Indigenous satellite navigation systems like IRNSS and GAGAN have also been deployed. In January 2014, ISRO used an indigenously built cryogenic engine for a GSLV-D5 launch of the GSAT-14 satellite making it one of the only six countries in the world to develop a cryogenic technology. Apart from recent and remarkable space probes of ISRO include Chandrayaan-1, 11 and 111, lunar orbiter, Mars Orbiter Mission (Mangalyaan-1) and ASTROSAT space observatory. The success of the Mars Orbiter Mission made India only the fourth country in the world to reach the Martian orbit.
The Mars Orbiter Mission (MOM), unofficially termed as Mangalyaan, (from Sanskrit: Mangala, “Mars” and yāna, “craft, vehicle”) was a space probe orbiting Mars since 24 September 2014. It was launched on 5 November 2013 by the Indian Space Research Organisation (ISRO). It was India’s first interplanetary mission and it made ISRO the fourth space agency to achieve Mars orbit, after Roscosmos, NASA, and the European Space Agency. It made India the first Asian nation to reach the Martian orbit and the first nation in the world to do so on its maiden attempt.
The name Chandrayaan means “Moon Craft” in ancient Sanskrit, according to NASA. The Chandrayaan-1 spacecraft was based on an Indian meteorological satellite called Kalpansat. It was about the size of a refrigerator, with a dry weight (weight without fuel) of about 525 kilograms (1,160 lbs.) and was powered by a solar array that charged lithium-ion batteries on board.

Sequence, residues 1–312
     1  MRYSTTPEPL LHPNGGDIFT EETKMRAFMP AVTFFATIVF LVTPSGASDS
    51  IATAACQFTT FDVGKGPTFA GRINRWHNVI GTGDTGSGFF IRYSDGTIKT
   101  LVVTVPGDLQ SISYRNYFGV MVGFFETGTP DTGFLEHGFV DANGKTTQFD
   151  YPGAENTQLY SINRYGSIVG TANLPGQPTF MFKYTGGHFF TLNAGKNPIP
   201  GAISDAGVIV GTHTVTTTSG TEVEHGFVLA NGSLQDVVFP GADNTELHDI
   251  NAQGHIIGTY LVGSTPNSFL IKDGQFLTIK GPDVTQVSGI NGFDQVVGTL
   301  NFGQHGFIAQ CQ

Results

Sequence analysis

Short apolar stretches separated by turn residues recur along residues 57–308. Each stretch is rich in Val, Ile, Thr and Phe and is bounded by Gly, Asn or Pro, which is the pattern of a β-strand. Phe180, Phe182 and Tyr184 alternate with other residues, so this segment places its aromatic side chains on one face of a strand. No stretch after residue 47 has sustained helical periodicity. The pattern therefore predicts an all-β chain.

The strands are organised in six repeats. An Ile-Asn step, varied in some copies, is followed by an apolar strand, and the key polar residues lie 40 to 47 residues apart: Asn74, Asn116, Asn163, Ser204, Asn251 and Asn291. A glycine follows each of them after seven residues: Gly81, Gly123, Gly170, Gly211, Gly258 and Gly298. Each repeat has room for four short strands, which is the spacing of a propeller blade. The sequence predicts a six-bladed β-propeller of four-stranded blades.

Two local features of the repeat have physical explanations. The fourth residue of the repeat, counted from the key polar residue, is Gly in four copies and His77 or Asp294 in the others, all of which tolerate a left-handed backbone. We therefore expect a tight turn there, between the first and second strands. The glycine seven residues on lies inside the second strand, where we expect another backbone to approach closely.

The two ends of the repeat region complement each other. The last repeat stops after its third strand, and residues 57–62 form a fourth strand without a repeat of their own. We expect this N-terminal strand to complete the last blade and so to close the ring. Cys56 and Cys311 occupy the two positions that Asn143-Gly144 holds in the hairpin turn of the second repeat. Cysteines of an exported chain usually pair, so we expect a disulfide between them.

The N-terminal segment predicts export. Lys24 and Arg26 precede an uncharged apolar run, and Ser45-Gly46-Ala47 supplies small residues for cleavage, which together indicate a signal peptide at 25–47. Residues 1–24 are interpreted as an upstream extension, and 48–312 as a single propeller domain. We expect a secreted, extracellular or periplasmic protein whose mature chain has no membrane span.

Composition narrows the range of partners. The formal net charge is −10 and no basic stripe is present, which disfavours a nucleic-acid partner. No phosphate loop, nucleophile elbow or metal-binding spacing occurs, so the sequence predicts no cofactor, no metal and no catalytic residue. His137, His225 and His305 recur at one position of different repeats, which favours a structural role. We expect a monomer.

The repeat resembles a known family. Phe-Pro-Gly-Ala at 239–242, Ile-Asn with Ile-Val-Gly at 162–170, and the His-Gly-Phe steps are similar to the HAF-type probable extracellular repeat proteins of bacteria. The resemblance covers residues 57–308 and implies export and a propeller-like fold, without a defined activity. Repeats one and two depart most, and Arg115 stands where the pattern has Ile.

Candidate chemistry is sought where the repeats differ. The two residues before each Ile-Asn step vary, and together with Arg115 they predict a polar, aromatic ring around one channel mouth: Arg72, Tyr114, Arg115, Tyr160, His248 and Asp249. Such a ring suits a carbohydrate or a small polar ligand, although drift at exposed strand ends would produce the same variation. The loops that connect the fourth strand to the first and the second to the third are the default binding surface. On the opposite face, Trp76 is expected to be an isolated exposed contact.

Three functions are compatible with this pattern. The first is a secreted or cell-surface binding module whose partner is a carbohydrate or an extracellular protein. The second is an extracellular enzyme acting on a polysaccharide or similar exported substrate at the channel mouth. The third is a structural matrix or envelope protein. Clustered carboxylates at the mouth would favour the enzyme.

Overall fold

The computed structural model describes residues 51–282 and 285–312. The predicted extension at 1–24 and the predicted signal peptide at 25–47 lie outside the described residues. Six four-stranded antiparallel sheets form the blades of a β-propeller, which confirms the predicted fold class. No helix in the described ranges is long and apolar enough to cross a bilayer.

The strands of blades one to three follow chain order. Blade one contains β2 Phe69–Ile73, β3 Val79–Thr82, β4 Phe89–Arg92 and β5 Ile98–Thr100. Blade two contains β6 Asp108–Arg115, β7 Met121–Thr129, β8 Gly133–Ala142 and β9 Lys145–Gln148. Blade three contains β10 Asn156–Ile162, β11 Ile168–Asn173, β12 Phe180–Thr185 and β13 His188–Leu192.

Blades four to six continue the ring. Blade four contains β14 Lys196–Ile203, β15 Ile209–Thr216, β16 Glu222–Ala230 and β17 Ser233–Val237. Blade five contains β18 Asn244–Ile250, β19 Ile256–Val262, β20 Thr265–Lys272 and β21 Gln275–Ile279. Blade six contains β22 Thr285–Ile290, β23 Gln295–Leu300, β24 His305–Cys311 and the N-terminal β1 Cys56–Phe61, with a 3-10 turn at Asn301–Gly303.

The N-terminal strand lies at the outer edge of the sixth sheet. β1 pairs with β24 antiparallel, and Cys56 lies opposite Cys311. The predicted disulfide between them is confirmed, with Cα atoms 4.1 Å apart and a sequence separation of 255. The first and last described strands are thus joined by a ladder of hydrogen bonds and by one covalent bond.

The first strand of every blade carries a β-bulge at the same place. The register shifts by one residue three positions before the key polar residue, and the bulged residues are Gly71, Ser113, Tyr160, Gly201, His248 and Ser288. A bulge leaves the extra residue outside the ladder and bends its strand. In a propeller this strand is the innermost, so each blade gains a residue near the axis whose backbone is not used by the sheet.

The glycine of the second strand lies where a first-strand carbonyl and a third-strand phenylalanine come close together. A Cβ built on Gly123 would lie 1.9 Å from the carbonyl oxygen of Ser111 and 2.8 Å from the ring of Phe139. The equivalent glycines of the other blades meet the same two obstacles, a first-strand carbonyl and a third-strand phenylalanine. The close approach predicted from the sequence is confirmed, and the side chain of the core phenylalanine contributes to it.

India’s tryst with moon which began in 2008 with Chandrayaan-1 successfully concluded with its version -3. . It was this end manoeuvre that went wrong in the final few minutes of India’s last moon mission- Chandrayaan-2 – in 2019, when the lander failed to change position and hurtled towards the surface during the final braking phase. Chandrayaan-2, the first mission with the objective of soft landing on the Moon had a narrow miss, while the Chandrayaan-3 mission was perfectly executed.
Chandrayaan-1’s objective was only to place an unmanned spacecraft in an orbit around the Moon.Chandrayaan-2 had failed in its lunar phase when its lander ‘Vikram’ crashed into the surface of the Moon following anomalies in the braking system in the lander while attempting a touchdown on September 7, 2019.
Chandrayaan-1 launched on Oct. 22, 2008, from the Satish Dhawan Space Center in Sriharikota, India, aboard a Polar Satellite Launch Vehicle rocket, according to NASA. It reached the moon on Nov. 8, 2008. The spacecraft released its Moon Impact Probe on Nov. 14, which crashed into the moon on the same day.
The spacecraft initially performed its work from a mapping orbit at an altitude of 100 kilometers (62 miles), ISRO said. In May 2009, controllers raised the orbit to 200 km (124 miles). Chandrayaan-1 made 3,400 orbits of the moon and continued transmitting data until Aug. 29, 2009, when controllers permanently lost communication with the spacecraft. Notably, Chandrayaan-1’s data helped determine the presence of water ice on the moon, which NASA announced in September 2009.
The successful landing marks India’s emergence as a space power as the government looks to spur investment in private space launches and related satellite-based businesses.India’s next target: Mars, the 4th planet from the sun and more than 146 times further from the earth than the moon. However while celebrating this achievement, we should not forget that India is home to largest number of hungry and poor people in the world. Crores of people struggle to eke out basic existence.
The author is an Odisha-based eminent columnist/economist and social thinker.